As ECOWAS leaders fail to meet, concerns over the deteriorating health of deposed President Bazoum mount.
An emergency meeting between Wester African nations on the coup in Niger has been postponed indefinitely as concerns over the health of detained President Mohammed Bazoum increase.
Members of the Economic Cooperation of West African Nations (ECOWAS) were due to meet in the Ghanaian capital Accra on Saturday to discuss how to tackle the Niger crisis after they approved the deployment of a stand-by force to restore constitutional order.
But the meeting was indefinitely suspended for “technical reasons”. Sources said the meeting was originally set to inform the organisation’s leaders about “the best options” for activating and deploying a military force.
“The military option seriously envisaged by ECOWAS is not a war against Niger and its people but a police operation against hostage-takers and their accomplices,” Niger’s Foreign Minister Hassoumi Massaoudou said.
ECOWAS is determined to stop the sixth military takeover in the region in just three years and has severed financial transactions and electricity supplies and closed borders with landlocked Niger, blocking much-needed imports to one of the world’s poorest countries.
At a previous summit last week, ECOWAS warned it could intervene militarily and set August 6 as a deadline for the military to restore democracy and free Bazoum. However, no military action followed when the deadline lapsed.
The coup leaders have since named a 21-person cabinet, which met for the first time on Friday.
‘Inhuman and degrading’
Meanwhile, concerns over the health of the deposed president are mounting. Bazoum “had a visit by his doctor today”, a member of his entourage told the AFP news agency, adding the physician also brought food for the president, his wife and his son who are being held with him.
The European Union and the African Union joined others in sounding the alarm for Bazoum on Friday.
UN rights chief Volker Turk said Bazoum’s reported detention conditions “could amount to inhuman and degrading treatment, in violation of international human rights law”.
German Foreign Minister Annalena Baerbock warned the “coup plotters must face harsh consequences should anything happen” to Bazoum or his family.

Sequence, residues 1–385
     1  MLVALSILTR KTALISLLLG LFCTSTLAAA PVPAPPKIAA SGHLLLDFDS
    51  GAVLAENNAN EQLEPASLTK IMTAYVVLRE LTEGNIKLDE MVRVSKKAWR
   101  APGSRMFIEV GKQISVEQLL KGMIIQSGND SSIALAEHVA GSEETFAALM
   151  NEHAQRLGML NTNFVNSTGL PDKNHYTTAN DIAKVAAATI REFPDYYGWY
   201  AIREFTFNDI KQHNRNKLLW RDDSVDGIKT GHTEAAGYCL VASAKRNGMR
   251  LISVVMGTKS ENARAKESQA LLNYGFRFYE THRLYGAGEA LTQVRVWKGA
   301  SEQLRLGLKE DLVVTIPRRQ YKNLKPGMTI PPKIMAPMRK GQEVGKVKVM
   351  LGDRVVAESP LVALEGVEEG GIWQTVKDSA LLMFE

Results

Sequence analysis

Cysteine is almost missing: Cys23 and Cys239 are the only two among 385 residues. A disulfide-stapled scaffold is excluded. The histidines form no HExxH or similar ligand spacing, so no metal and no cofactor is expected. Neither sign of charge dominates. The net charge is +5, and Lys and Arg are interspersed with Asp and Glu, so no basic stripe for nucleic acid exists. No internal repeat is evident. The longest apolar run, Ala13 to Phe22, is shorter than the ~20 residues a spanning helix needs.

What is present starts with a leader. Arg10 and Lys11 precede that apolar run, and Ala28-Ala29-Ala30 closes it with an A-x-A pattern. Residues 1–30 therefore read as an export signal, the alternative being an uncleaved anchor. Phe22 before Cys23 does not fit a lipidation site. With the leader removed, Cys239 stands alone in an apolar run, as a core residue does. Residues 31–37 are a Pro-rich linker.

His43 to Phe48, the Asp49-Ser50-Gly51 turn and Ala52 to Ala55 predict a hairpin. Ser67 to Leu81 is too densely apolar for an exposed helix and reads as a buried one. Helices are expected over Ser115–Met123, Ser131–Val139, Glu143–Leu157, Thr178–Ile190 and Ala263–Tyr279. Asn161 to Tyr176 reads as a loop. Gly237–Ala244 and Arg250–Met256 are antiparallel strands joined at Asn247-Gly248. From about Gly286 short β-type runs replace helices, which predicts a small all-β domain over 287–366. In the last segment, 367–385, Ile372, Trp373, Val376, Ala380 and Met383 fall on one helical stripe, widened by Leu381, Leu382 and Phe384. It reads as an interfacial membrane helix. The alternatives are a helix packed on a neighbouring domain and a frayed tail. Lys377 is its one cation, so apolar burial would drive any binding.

Top US diplomat Antony Blinken said he was “dismayed” by the military’s refusal to release Bazoum’s family as a “demonstration of goodwill”.
A source close to Bazoum said: “He’s OK but the conditions are very difficult.” The coup leaders had threatened to assault him in the event of military intervention.
Human Rights Watch said it spoke to Bazoum earlier this week. The 63-year-old described the treatment of himself, his wife and their 20-year-old son as “inhuman and cruel”, HRW said.
“I’m not allowed to receive my family members [or] my friends who have been bringing food and other supplies to us,” the rights group quoted him as saying.
“My son is sick, has a serious heart condition, and needs to see a doctor. They’ve refused to let him get medical treatment.”
‘Down with ECOWAS’
Protesters opposing the Western African bloc gathered near a French military base on the outskirts of the capital Niamey shouting, “Down with France, down with ECOWAS.”
Many protesters brandished Russian and Niger flags and shouted their support for the country’s new strongman, General Abdourahamane Tchiani.
France is the former colonial power of, and has maintained strong ties with, Niger with between 1,000 and 1,500 French soldiers stationed in the country as part of a force battling an eight-year rebellion.
But the coup leaders have revoked five military cooperation agreements and suspended broadcasts of French international news outlets France 24 and RFI.
“We are going to make the French leave! ECOWAS isn’t independent, it’s being manipulated by France,” said demonstrator Aziz Rabeh Ali.